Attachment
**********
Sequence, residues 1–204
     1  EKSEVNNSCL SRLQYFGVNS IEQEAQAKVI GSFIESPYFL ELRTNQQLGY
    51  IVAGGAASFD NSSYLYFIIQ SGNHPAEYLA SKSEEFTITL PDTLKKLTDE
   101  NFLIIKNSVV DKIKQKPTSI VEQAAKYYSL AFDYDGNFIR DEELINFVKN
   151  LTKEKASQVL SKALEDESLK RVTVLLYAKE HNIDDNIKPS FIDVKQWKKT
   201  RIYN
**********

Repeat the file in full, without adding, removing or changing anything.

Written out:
Sequence, residues 1–204
     1  EKSEVNNSCL SRLQYFGVNS IEQEAQAKVI GSFIESPYFL ELRTNQQLGY
    51  IVAGGAASFD NSSYLYFIIQ SGNHPAEYLA SKSEEFTITL PDTLKKLTDE
   101  NFLIIKNSVV DKIKQKPTSI VEQAAKYYSL AFDYDGNFIR DEELINFVKN
   151  LTKEKASQVL SKALEDESLK RVTVLLYAKE HNIDDNIKPS FIDVKQWKKT
   201  RIYN